Viking Hunters

We journeyed far and wide, across many an ocean to Iceland in search of their infamous Vikings.

There’s something about the urban myth of tall, manly, blonde, bearded men that makes a girl swoon.

Viking explorers were said to have settled in Iceland in the late 9th Century. But were they still lingering about?

And thus, two Kiwis quest to find Vikings begins – of course at a bar in Reykjavik. We eye the swarms of modern day bearded men with curiosity.

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“Are you a Viking?” my friend Michaela asks the older bearded man seated beside us.

“Yes, of course” he slurs in a thick Icelandic accent emphasised by his drunkenness. So far, living up to the reputation.

He insists on buying us multiple shots of Icelandic Schnapps the true Viking liquor.

Michaela notices that our beautiful bearded barman is in fact pouring shots of Jim Bean and Vodka. Viking credibility is deteriorating rapidly.

We get one over him by convincing him I am in fact Keisha Castle Hughes New Zealand’s infamous Whale Rider. They eat whale in Iceland, so he has no issues with animal riding ethics.

We stealthily slip away to the other side of the bar to research the younger Norsemen.

They’re not overly tall, slim bordering on skinny, and don tight jeans, beards and lush long locks that give me hair envy.

These urban Vikings are surprisingly Hipster, straight out of a cool cafe that serves on point espresso.

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Michaela interviewing a Cafe Viking

We befriend a Norwegian Viking, he’s a brunette not a blonde but has the beard and hair down pact. We even convince him to get into costume for the cause.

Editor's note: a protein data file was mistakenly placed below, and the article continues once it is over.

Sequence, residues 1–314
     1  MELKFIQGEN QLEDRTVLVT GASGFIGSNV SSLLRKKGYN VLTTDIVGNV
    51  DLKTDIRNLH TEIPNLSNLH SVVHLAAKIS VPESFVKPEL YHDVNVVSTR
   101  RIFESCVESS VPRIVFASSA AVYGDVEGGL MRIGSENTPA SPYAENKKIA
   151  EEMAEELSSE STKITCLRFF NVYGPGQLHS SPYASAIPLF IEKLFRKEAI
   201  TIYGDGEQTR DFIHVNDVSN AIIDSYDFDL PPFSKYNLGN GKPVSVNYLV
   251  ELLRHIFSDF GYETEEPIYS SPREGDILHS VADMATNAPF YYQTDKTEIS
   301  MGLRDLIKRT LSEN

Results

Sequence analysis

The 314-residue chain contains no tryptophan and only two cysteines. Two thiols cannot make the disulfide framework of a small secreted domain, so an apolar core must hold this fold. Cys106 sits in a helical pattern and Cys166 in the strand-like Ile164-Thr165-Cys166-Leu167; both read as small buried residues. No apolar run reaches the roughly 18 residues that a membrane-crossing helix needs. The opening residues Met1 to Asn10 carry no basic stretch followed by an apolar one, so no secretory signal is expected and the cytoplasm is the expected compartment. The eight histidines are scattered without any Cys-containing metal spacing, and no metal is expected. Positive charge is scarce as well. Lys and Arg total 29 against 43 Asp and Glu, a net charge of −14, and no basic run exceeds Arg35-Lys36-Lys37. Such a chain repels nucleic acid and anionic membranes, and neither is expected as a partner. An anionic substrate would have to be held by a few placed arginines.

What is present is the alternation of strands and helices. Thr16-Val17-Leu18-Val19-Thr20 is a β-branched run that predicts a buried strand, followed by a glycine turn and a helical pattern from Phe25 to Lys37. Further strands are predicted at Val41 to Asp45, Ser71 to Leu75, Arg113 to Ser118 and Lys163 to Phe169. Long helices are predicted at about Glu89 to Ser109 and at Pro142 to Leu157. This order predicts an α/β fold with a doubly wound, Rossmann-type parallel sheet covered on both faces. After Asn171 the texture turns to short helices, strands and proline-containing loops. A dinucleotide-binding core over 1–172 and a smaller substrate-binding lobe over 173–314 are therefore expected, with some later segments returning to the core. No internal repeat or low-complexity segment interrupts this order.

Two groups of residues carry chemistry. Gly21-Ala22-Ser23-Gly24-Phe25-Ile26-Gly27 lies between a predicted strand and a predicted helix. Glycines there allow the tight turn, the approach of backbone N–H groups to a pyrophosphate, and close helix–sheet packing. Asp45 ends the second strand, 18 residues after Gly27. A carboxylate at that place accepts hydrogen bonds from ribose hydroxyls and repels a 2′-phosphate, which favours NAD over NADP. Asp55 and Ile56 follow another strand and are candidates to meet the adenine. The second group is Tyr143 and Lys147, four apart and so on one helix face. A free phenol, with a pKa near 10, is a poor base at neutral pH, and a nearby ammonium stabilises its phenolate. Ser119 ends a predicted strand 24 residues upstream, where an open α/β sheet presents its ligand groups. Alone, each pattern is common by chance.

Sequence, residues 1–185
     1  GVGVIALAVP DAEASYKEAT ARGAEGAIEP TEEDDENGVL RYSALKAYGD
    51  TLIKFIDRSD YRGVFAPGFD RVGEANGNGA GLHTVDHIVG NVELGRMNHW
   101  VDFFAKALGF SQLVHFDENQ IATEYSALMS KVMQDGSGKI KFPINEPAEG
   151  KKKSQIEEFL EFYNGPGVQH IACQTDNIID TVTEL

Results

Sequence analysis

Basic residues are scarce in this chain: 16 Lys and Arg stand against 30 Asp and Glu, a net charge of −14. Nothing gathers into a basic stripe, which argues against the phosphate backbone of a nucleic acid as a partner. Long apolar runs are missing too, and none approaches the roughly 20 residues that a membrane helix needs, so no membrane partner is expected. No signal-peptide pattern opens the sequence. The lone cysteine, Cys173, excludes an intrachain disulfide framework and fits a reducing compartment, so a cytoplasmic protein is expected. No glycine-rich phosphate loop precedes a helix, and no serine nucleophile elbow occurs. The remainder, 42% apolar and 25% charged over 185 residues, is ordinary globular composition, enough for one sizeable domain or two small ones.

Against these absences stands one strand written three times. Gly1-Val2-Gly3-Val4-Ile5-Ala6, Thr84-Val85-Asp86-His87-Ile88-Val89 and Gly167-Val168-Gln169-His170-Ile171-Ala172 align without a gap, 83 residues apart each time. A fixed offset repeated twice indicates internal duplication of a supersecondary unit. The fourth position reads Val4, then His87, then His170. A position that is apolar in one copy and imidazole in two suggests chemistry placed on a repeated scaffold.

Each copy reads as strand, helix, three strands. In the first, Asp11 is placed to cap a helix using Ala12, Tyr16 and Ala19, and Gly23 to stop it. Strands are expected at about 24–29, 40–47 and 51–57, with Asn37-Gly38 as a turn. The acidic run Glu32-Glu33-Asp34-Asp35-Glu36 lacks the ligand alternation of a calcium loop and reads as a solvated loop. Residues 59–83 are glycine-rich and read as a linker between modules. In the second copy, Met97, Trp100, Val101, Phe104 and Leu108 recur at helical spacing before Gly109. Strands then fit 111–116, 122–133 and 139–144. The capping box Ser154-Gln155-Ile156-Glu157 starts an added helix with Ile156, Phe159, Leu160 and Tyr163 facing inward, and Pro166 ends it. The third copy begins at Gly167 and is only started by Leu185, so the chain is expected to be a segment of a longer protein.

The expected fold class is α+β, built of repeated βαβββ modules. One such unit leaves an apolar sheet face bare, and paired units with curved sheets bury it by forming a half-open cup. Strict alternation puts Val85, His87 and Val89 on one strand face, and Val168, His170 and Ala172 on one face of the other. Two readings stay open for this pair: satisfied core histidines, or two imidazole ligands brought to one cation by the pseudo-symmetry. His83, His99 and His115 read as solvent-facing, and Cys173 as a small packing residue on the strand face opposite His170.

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A modern day Norwegian Viking

He displays a natural talent for finding hot springs which seems like a useful Viking skill. We document our findings happily over champagne, but are determined there must be Icelandic Vikings lurking in the wilderness.

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We enlist the help of another huntress, Nicki from Seattle who embarks with us on the Viking road trip quest.

We circumnavigate Iceland over five days. We drive the Southern coast, the Eastern Fjords, through the Snowy mountains and the Northern highlands. We leave no waterfall, beach, glacier or hot pool unturned.

We even scour an old Viking village.

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And yet, there seems to be a severe shortage of not only Vikings but people in general. We are shocked to learn there are only 3.2 people per square kilometre. That’s even less than our beloved New Zealand deemed the Iceland of the South by locals.

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Maybe we’d be better off searching for Huldufolk – the hidden people. Better known as Elves, it’s claimed 80% of the population believe in them.

The Huldufolk are known for their environmental lobbyist stance, they whisper in the ears of influential individuals and have been said to help drastically reduce construction in Iceland.

I’m not sure Elves are quite a sexy as Vikings. Although no doubt we could be swayed. Time to head to the local cafe in search of urban Hipster Elves.

Ororlando

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Bear necessities

If you’re hiking in the Romanian woods and run into a bear, apparently you should play dead.

I’m not sure I’d trust my acting skills in such a dire situation. Then again, lying in foetal position in a frozen state of panic probably wouldn’t involve that much acting.

If the bear proceeds to try and eat you, apparently it’s then time to talk in a firm voice. I can’t help but wonder if he’d understand the Kiwi accent?

Bear etiquette 101. This was quickly googled after many a traveller returned from Transylvanian hikes proclaiming they’d smelt bears.

Yes, no joke. Apparently you can litterally smell them.

“What sort of smell is it?” I enquired, ever so casually.

“You just know. Go the other way if you smell them.”

Great. Very reassuring. Honey face masks probably not be happening this week.

But bears are not all grrrrrrrr. Sometimes they get depressed. I learnt all about it at the Libearty Bear Sanctuary in Brasov, Romania.

A lot of bears became depressed at the hands of cruel owners who used them to attract tourists. The bears would refuse to eat, or worse, self mutiliate – eating their own paws.

There were many other horrific stories as well. Bears with arthritis from being made to sit still for too long. Bears who had never been to the forest. Bears scared of other bears. Bears blinded from the flashes of tourist’s cameras.